Sunday, January 3, 2016

'Daddy's Home' review

"Well, that was watchable."

What's worse? A terribly mediocre movie that inspires no reaction at all or a movie that is truly, actively bad? This was the question that I asked myself in the moments after watching Will Ferrell and Mark Wahlberg's latest comedy Daddy's Home. The first word that comes to my mind when I think about this film is safe. Daddy's Home is a very safe movie. It's a perfectly enjoyable film- most people will get enjoyment out of it and it's sweet at its core. But there's nothing inspiring about the film. It fades nearly instantly from memory and has nothing that manages to be that engaging or interesting. It's a decent enough way to spend a couple hours at the theater if you have nothing to do over your holiday break, but don't expect any memorable characters or striking jokes or......really anything. This is the conflict I always have as a critic- do you punish something that hits all of the right notes in an uninteresting and disposable way? I haven't found the answer to that yet and this film isn't gonna solve that problem. But the fact that it came to my mind while thinking about Daddy's Home should tell you about how little this movie has to offer.


Brad Whitaker is the new step-dad in town, and he really wants to prove that he's there for his children. Brad says that anybody can be a father, but it takes someone special to be a dad- and he believes that that's what he was born to do. Unfortunately, his wife's children don't quite see it that way. They hate Brad and want him dead. But over time, he makes some progress and becomes very close with his step-kids. Then Dusty (Mark Wahlberg) comes home. His wife's (Linda Cardellini) ex-husband, Dusty is the "cool" parent. A motorcycle-driving, muscular reign of terror who will stop at nothing to win back his family. Despite some initial friendliness, Brad and Dusty know deep down that they don't like each other. And over the course of 96 minutes, they will engage in the biggest Dad vs. Step-Dad competition ever. That's basically the whole movie.

Will Ferrell and Mark Wahlberg have great comedic chemistry with one another. That was proven by 2010's The Other Guys and they do very well again here. Ferrell succeeds in being the likable guy that goes just a bit overboard all the time and Wahlberg is terrific as the "free spirit" who just can't seem to settle down. It's nowhere near the best that these two have had to offer, but it just shows how appealing this duo can be in nearly anything. But that only works so far. When the material feels so generic and tame, it's hard for Ferrell or Wahlberg to do anything truly great. The screenplay by Brian Burns, Sean Anders and John Morris is funny in short surges, but pretty rote and predictable overall. And in many ways, despite some ribald material that pushes the PG-13 boundaries (especially for a movie pitched as a family comedy), this is a remarkably gentle and harmless comedy. With so many great options in theaters, Daddy's Home amounts to a rather sluggish experience.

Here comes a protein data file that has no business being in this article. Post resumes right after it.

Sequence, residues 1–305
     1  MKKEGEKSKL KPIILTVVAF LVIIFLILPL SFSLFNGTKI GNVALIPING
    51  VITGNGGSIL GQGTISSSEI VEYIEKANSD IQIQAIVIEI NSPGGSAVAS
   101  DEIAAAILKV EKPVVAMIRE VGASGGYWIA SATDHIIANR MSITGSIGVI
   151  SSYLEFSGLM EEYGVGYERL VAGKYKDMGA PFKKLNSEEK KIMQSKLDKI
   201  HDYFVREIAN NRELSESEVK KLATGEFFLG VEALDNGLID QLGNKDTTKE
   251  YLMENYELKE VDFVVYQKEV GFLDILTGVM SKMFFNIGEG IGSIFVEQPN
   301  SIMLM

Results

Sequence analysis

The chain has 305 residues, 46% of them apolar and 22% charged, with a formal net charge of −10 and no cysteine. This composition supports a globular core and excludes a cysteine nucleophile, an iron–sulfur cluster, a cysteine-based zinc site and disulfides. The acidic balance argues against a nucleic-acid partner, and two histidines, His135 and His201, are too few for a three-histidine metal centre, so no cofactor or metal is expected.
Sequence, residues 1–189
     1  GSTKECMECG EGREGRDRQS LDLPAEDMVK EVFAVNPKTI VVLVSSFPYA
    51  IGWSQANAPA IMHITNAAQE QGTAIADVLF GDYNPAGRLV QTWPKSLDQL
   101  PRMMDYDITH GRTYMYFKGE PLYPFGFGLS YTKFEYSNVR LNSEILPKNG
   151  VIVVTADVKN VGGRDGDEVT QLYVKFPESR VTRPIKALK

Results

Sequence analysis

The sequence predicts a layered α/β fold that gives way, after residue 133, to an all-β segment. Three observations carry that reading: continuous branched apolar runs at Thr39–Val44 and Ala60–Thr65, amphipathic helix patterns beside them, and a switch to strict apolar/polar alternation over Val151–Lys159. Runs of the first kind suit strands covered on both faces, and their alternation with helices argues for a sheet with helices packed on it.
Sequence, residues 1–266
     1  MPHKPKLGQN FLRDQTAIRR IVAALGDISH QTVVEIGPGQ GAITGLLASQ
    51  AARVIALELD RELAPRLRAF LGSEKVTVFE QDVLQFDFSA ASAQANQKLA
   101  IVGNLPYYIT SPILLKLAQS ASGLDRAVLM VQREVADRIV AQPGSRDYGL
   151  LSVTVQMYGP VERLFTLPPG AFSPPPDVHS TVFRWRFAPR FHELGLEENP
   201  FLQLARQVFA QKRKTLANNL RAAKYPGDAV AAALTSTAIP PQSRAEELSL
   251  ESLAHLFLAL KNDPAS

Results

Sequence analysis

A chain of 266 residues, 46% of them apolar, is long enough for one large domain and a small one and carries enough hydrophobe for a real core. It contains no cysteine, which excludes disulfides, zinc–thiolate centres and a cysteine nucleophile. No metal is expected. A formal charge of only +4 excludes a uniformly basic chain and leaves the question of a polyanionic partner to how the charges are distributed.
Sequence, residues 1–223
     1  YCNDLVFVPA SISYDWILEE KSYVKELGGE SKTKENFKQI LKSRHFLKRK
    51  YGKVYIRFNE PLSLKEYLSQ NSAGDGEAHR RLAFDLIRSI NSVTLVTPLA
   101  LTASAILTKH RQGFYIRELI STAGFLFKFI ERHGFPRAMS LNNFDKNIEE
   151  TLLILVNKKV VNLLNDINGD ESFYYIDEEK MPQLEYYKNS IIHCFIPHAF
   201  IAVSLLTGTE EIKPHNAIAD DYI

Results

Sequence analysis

But Daddy's Home is not a bad film. It's just one that you've seen before. It's in a slightly different package, but all of the same beats are hit. There's no way anybody can watch this film and go "Wow, I'm really surprised by how this story went!" No. That's legitimately impossible. From the moment that Dusty shows up, you know where this movie is headed and that makes the film ineffective at times. In addition to that, the first half is truly painful and it takes a very long time for the movie to get going. But as it goes along, some of the movie still sticks. A couple of the jokes land, some of the story notes feel genuine and by the end, you'll probably walk out mildly satisfied. Daddy's Home is effective in its predictability and I can't fault it for that. But I can't give it a recommendation either.

For what it's worth, Daddy's Home is a solidly efficient comedy with some fun performances from Ferrell and Wahlberg. I wish that the film was done in a more tongue-in-cheek way, but that's just not the direction they went- despite the occasional raunchiness, this is a family comedy through and through. It's sometimes funny, sometimes dry, but there's an ultimate sweetness that works. It's a very watchable film. But it's gonna fade from your memory pretty much right after you see it. And that's really all that I have to say about this film.

THE FINAL GRADE:  C+                                            (6.2/10)


Image Credits: Screen Rant, Joblo

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